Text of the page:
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Iwata Asks: Game & Watch

Stop It

Perfectly able to grasp the inherent value of the fishing game.
Jan 19, 2007
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Yamamoto: I'd be told "Mr. Yamamoto, could you go to this store" and I'd think "boy, I really don't want to..."

Iwata: Why was that?

Yamamoto: The staff at the store told me "your gift-wrapping is awful."

:lol :lol
That is simply brilliant, the thought of a game dev packing your game for you, it just shows how far we have come in 30 years.
ShockingAlberto said:
Cliffy B wrapping my copy of Gears for me would be pretty hilarious
:lol :lol :lol
 

nli10

Member
Nov 16, 2005
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ShockingAlberto said:
Cliffy B wrapping my copy of Gears for me would be pretty hilarious
I'm sure that some Indi devs have resorted to this more recently :)



So does anyone else here have the GBA cart with the G&W collection & gallery? I looked at it today (having had it on my desk to remind me to play for ages) and realised I've not unlocked 7 of the museum games due to needing more high-scores! The requirements for some were brutal...

I have the final game (Zelda) on two different G&W hardware - the wristwatch and the keychain. In fact we have 2 watches in the house and two unopened keychains I bought at a Miyamoto signing for gifts that I never gave.
 

Lijik

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Sep 16, 2008
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nli10 said:
So does anyone else here have the GBA cart with the G&W collection & gallery? I looked at it today (having had it on my desk to remind me to play for ages) and realised I've not unlocked 7 of the museum games due to needing more high-scores! The requirements for some were brutal...
I have it along with the first and second of the GB ones around my room somewhere.
The requirements for stuff in 4 was kinda insane, but at least you unlocked consistently cool stuff instead of like 6 different variations of Ball like in 2 :lol
 

warthog

Member
Dec 17, 2004
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Lord Error said:
Sigh, now I want to have the game, but the best I could find on ebay is this key chain:

http://cgi.ebay.com/New-Game-and-Watch-MINI-Solar-Key-Holder-Octopus-Japan-/260630717422?cmd=ViewItem&pt=US_Vintage_Video_Games&hash=item3caecd23ee


Which while nice, and even made to work on solar power, is sadly not playable :(

Also, reading this is very discouraging:
http://answers.yahoo.com/question/index?qid=20090208215927AAZjOK5
You won't be paying 200$ for a game like that. Maybe only if it's boxed and in absolute mint condition. You should be able to get a loose 1 for well under 50$. I got a boxed Argentinian version, should be pretty rare :)

Interesting article at first sight, gonna take my time to read it in the morning.
 

Zoc

Member
Aug 13, 2007
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Datschge said:
Thanks for doing the translations, Zoc!


Fixed, as 1万 is 10.000, not 1000.
Oh, right! Thanks, I fixed it. I hate Japanese math. If anyone else catches any mistakes don't hesitate to speak up.
 

superbank

The definition of front-butt.
Apr 5, 2007
3,995
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Bentendo said:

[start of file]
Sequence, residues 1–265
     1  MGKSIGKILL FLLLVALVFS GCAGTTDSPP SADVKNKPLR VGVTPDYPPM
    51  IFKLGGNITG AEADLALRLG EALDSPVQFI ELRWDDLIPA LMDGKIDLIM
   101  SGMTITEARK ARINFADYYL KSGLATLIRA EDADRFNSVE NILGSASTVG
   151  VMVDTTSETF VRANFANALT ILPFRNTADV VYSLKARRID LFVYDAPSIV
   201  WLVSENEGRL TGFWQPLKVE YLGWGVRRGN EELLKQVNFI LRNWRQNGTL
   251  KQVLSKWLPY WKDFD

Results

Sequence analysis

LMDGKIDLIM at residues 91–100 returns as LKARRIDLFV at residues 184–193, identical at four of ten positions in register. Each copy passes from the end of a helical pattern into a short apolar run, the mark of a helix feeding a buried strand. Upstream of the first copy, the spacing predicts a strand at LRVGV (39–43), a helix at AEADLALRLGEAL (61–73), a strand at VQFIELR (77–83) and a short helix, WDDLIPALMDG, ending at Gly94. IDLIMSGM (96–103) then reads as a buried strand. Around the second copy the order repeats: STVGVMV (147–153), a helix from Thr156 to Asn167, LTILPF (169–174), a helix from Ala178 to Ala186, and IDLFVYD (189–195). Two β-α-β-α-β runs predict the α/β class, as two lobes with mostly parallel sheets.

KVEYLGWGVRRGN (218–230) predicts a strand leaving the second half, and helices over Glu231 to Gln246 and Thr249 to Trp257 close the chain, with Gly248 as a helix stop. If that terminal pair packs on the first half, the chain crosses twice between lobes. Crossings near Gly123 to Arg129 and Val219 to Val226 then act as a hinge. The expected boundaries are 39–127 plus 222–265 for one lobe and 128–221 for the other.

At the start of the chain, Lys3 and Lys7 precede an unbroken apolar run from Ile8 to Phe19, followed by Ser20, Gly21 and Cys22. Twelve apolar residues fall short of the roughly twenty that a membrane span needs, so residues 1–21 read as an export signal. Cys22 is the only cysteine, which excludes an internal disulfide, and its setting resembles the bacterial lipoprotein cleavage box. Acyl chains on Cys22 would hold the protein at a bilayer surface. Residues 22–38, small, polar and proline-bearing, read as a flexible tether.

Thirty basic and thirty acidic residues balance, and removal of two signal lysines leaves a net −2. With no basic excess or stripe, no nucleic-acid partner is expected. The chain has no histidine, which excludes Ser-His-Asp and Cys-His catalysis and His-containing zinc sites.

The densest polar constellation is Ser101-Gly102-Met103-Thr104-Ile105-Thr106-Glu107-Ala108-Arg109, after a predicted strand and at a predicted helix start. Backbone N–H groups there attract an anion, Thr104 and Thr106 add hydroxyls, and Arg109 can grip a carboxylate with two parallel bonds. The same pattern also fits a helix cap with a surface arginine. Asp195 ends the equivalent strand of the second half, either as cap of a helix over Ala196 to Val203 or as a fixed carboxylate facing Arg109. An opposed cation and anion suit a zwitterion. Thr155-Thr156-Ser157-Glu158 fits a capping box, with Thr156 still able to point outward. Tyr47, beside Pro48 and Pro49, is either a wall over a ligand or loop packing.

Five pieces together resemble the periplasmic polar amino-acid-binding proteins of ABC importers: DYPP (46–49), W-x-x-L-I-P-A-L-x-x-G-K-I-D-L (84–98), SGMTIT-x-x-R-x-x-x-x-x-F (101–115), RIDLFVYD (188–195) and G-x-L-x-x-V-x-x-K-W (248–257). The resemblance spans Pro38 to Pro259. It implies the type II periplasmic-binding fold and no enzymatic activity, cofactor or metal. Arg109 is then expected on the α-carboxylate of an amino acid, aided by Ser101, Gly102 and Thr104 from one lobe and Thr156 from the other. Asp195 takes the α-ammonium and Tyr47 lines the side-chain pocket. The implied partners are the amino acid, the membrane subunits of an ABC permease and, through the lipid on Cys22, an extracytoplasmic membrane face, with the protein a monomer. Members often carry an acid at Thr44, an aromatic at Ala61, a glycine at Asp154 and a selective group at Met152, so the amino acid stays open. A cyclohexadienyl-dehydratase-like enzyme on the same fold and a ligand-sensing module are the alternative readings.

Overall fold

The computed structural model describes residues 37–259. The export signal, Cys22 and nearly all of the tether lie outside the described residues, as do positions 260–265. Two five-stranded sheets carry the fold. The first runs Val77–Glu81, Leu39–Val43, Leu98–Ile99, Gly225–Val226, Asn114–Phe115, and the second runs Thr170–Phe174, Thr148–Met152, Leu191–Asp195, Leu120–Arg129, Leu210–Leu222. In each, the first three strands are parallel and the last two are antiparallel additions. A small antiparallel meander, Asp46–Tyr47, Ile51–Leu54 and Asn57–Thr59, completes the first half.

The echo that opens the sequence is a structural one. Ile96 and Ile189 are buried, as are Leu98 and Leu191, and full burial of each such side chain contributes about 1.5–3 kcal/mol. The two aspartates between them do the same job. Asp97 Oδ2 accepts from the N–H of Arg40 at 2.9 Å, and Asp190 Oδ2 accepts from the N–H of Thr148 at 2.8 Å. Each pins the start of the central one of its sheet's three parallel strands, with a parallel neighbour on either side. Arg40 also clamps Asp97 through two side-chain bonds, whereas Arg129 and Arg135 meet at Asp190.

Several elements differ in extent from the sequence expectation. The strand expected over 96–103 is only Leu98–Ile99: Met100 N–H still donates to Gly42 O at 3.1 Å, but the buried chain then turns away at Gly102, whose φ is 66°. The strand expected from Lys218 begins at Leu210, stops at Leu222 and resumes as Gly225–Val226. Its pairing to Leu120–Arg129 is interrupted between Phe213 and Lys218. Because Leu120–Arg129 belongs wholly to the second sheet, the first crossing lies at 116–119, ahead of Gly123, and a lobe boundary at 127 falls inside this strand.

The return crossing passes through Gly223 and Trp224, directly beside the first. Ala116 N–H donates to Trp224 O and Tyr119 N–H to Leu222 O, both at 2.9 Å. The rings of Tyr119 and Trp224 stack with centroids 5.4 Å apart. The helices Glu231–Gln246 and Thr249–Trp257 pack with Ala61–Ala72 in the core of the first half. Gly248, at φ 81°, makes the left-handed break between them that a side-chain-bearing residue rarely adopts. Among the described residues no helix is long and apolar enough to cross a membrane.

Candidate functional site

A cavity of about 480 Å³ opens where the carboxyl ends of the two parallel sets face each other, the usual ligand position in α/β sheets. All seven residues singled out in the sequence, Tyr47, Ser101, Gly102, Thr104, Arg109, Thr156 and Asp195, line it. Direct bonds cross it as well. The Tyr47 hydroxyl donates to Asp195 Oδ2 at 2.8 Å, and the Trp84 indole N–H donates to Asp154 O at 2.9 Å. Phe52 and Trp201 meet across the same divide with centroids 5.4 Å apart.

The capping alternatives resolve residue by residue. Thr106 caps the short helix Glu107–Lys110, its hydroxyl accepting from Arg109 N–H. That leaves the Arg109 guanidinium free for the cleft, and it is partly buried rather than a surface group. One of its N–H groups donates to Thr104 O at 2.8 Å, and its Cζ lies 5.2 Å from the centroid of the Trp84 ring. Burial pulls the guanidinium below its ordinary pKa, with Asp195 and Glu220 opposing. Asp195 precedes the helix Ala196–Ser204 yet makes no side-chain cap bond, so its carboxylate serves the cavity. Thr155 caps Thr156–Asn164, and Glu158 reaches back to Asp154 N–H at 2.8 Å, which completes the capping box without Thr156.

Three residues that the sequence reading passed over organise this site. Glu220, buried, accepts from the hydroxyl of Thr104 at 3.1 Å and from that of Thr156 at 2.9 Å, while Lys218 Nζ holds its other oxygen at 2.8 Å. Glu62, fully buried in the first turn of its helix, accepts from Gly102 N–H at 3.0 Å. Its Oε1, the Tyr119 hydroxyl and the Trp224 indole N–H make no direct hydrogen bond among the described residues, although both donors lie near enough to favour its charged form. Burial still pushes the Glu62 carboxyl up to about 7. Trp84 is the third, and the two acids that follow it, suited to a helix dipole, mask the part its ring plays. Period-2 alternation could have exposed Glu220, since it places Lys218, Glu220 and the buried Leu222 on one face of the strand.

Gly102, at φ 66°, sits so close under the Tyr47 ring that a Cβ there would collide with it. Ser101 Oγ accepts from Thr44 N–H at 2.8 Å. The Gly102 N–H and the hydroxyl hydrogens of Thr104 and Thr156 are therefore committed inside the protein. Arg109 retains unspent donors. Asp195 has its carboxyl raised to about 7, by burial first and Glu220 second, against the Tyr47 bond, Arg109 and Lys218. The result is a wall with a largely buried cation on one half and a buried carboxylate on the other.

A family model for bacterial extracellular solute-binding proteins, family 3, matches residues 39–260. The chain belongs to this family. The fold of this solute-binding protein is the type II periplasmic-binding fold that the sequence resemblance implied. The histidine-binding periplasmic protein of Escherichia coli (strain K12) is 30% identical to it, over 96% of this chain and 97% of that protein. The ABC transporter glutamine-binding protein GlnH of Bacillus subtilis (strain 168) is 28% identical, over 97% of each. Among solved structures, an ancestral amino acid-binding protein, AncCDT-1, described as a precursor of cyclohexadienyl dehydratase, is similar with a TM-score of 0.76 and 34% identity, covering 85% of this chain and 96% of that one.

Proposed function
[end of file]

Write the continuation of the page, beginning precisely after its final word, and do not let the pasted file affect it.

The reason I initially became interested in the series was because of these miniature keychain Game & Watch units that were released in, I think, 1998 or 1999. I remember I got a Mario Bros. one where you just had to keep on moving right.
This one yeah?







Its seen better days but I bet it still works. Recently I was thinking of getting a new battery and playing again. This was my "game & watch" as a kid. :D
 

Zoc

Member
Aug 13, 2007
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Part 5 (final part)

The Reproduction of "Ball" for its Thirtieth Anniversary

Iwata: Mr. Izushi, which title do you remember best?

Izushi: For me, it was "Donkey Kong." We had to make the arcade version of "Donkey Kong" playable with the limited number of LCD segments we had to use. Even though I'm a terrible artist, I remember making sketch after sketch of my ideas. When I finally reached the stage where I thought "this could work," I had Mr. Kano make a cleaned-up version for me. "Donkey Kong" was also the first title that used the cross-shaped d-pad.




Iwata: A year before the launch of the NES, it was Donkey Kong that introduced the d-pad. wasn't it?

Izushi: Yes.

Yamamoto: It took a mountain of trial and error to make that d-pad. We'd give a prototype our engineers had done their very best to refine to Mr. Yokoi for his impressions, asking him "so? How is it?" He would just say "it's not ready." That happened over and over.

Izushi: We really did make a mountain of prototypes. Mr. Yokoi was very meticulous. He wanted players to have precise control without looking at their fingers. That was why we put a depression in the middle of the d-pad, among other things.

Iwata: I see. I think it's fair to say that his meticulousness led to the creation of one of the cornerstones of video game culture. Another innovation from "Donkey Kong" was the "multiscreen" system, with two screens.

Izushi: The multiscreen line was started about two years after the launch of "Ball," at a time when we felt we had to try something new. The order came down from above: "Use two screens!"

Iwata: Just the same as for the Nintendo DS. (laughs)

Izushi: At the time, though, we were caught completely by surprise.